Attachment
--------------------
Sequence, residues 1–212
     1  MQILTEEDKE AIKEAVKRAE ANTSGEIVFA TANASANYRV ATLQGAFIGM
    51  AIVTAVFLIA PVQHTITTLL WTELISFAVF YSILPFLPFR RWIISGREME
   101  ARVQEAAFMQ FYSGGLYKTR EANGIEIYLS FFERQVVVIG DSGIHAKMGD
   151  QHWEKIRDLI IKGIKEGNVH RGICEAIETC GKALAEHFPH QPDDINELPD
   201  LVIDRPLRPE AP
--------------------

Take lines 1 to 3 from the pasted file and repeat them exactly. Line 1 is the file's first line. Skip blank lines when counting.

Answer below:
Sequence, residues 1–212
     1  MQILTEEDKE AIKEAVKRAE ANTSGEIVFA TANASANYRV ATLQGAFIGM
    51  AIVTAVFLIA PVQHTITTLL WTELISFAVF YSILPFLPFR RWIISGREME